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BlackBerry 8700g PDA Phone
The BlackBerry 8700g, the latest addition to RIM's 8700 series of PDA/phones, adds more of a consumer flavor to BlackBerry's notoriously business-geared devices. To the BlackBerry's already stellar messaging capabilities, it adds support for consumer instant messaging clients and even easier handling of personal e-mail accounts. Alas, there's still no camera.
At first glance you could easily mistake the 8700g for its cousin, the 8700c, which we reviewed in June. The 8700c is a Cingular device; the 8700g is on the T-Mobile network (it costs $400 with a two-year service agreement as of 7/7/06). Both PDA/phones have the slightly bulky shape of RIM handhelds, but use that space wisely: They pack in a comfortable 35-key QWERTY keyboard and a vibrant 2.5-inch display. The 8700g adds a handy light-sensing feature that automatically adjusts the brightness of the display depending on your environment. Both devices feature the BlackBerry scroll wheel that makes for easy one-handed calling and navigation of the device.
As a phone, the 8700g performs well. It can be awkward to hold next to your ear, but isn't uncomfortable during long conversations. Voice quality was good, and the device features a speakerphone that works nicely. Also impressive is the 8700g's talk-time battery life: In our lab tests, it lasted 9 hours, 35 minutes--that's among the longest of all PDA/phones we've tested.
BlackBerry devices are known for their fantastic e-mail capabilities, and the 8700g is no exception. It features RIM's push e-mail technology, which brings your messages directly to the handheld--you don't have to check for them. It can accommodate up to ten e-mail accounts, and supports Microsoft Exchange, Lotus Notes, IMAP, and POP3 e-mail accounts. The 8700g expands the push e-mail technology to include Yahoo Web mail accounts, but doesn't work with Hotmail or Gmail. A new feature called "Set up Internet E-mail" makes it a snap to add e-mail accounts; you simply enter your e-mail address and account password, and within 20 minutes your messages are delivered to your handheld. Messages sent from the handheld are now reflected in the "sent" folder of your desktop e-mail client as well.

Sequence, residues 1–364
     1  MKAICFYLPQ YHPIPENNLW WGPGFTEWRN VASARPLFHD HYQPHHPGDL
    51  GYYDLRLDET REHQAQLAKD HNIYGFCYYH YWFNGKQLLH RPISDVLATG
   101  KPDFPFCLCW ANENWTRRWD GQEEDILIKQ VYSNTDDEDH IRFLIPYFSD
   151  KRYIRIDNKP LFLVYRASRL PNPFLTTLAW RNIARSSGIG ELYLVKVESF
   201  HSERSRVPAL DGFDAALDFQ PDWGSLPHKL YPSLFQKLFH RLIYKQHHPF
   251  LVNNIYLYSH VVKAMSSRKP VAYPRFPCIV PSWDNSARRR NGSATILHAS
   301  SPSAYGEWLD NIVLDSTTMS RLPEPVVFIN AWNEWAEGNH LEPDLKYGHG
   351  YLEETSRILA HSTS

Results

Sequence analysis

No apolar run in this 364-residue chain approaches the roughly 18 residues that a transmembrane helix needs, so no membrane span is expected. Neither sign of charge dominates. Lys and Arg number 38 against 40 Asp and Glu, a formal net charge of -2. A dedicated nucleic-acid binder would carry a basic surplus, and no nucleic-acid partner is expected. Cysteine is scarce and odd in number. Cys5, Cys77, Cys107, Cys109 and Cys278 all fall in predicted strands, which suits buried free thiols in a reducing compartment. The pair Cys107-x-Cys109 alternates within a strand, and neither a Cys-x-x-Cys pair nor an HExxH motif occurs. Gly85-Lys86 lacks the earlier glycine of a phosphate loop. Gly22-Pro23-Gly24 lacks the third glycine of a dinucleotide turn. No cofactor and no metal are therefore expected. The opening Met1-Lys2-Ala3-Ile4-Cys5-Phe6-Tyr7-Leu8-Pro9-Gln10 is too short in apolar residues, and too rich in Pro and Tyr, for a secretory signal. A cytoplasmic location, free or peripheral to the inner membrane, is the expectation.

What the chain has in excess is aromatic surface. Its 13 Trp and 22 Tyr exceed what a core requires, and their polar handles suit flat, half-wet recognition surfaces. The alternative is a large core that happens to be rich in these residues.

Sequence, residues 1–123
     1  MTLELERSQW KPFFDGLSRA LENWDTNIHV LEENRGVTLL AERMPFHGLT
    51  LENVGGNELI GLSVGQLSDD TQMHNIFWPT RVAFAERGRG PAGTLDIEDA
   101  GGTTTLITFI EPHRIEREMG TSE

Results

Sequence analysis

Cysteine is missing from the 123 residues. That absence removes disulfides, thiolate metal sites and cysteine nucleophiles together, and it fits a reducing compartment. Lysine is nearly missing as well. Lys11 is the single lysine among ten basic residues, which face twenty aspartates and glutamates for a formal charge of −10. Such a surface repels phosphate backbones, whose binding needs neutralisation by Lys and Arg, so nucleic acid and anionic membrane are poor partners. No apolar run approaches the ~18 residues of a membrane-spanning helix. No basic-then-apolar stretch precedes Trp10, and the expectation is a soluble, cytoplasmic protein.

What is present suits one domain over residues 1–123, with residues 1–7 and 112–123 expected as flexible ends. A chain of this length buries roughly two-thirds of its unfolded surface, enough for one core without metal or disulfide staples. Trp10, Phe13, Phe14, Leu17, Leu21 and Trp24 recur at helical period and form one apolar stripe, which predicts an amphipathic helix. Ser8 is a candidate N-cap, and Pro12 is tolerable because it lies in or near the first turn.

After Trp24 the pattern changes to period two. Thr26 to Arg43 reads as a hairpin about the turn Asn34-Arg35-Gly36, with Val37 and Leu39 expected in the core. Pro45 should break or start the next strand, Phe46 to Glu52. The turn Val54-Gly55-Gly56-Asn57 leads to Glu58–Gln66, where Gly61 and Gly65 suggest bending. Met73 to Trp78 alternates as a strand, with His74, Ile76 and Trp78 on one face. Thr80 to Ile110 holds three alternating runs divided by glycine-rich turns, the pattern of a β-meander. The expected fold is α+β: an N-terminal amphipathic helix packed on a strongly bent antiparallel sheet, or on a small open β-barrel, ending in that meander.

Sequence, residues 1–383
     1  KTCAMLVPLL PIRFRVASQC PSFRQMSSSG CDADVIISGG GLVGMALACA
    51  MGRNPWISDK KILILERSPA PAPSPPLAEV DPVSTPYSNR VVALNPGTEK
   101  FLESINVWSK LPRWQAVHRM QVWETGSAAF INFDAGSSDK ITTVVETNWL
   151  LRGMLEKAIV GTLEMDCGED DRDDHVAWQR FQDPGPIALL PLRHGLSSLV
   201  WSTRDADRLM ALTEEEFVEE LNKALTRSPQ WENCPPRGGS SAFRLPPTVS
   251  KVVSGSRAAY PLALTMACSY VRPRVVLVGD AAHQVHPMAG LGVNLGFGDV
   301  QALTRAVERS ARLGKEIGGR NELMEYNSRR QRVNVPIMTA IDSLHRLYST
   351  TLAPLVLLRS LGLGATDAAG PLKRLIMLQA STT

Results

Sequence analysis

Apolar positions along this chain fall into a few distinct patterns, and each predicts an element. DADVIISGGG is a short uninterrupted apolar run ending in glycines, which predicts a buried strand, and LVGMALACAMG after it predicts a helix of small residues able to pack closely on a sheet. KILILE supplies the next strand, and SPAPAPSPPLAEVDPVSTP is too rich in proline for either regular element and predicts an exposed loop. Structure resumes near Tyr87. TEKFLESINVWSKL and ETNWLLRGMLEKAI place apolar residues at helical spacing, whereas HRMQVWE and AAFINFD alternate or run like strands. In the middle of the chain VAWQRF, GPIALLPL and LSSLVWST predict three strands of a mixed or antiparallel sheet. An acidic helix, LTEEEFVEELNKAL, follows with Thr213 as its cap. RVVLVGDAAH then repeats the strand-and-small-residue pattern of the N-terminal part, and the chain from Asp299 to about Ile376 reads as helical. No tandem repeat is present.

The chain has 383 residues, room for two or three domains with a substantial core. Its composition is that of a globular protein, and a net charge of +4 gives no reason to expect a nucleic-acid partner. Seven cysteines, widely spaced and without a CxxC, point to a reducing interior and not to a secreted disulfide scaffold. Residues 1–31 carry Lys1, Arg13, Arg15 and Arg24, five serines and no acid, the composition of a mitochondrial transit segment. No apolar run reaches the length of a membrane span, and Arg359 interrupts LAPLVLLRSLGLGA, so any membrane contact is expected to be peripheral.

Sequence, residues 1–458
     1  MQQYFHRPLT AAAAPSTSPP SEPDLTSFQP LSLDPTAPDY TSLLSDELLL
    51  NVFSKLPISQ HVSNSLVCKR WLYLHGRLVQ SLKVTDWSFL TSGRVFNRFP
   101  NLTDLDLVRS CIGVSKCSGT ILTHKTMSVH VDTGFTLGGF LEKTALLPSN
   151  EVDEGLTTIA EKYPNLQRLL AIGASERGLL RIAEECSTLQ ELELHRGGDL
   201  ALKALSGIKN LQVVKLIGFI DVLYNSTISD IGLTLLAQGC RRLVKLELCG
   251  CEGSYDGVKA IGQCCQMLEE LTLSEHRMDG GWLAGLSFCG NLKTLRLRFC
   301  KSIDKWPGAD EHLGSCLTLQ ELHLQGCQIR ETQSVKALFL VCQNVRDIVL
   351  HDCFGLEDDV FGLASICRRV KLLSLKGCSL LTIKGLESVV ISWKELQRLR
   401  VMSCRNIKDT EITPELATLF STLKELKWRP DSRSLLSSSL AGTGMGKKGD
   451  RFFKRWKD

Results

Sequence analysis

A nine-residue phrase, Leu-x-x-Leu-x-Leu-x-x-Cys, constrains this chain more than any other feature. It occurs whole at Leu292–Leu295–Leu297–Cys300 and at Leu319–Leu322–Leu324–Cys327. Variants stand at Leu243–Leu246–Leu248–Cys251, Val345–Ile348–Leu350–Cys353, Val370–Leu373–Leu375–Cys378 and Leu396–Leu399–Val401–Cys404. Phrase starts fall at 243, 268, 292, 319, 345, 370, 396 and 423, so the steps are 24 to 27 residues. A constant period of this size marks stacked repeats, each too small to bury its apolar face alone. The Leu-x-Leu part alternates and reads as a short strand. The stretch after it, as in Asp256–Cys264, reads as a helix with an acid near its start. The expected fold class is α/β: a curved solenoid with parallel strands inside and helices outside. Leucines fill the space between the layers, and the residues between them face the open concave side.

One of my chief complaints with the 8700c was its lack of support for consumer IM clients, but the 8700g rectifies that problem. The device includes a link to a downloadable IM app from a company called OZ; once you install that, you can run AIM, Yahoo Messenger, ICQ, or MSN Messenger on the device. You can also download and run Google Talk. I installed AIM, and it worked well--for the most part. Instant messagess arrived promptly and were easy to view, and replying to them using the 8700g's keyboard was a breeze.
Another weird issue with the 8700g was its handling of PDF files in its proprietary attachment viewer. Unlike most Palm and Windows Mobile-based PDA/phones, BlackBerry devices do not include apps for editing office documents. You can, however, view files that are sent as e-mail attachments. The file viewer worked fine with Word documents and Excel spreadsheets (though scrolling through a large spreadsheet on the small screen can be an exercise in futility), but when I attempted to view a standard Adobe-based PDF file, the formatting and some of the contents disappeared.
Overall, the 8700g is an impressive e-mail device, but it seems caught between its roles as a powerful enterprise tool and a handy consumer gadget. As a business tool, the 8700g could benefit from more office apps, and if RIM really wants to target consumers, it should consider adding a camera: Still, if you're looking for an outstanding e-mail and messaging device that also works well as a phone, the 8700g is worth a look.
BlackBerry 8700g PDA Phone
The 8700g is more consumer-friendly than other BlackBerry devices, but it still lacks a camera.
- Excellent e-mail and messaging device
- Adds support for consumer IM networks
- Lacks a camera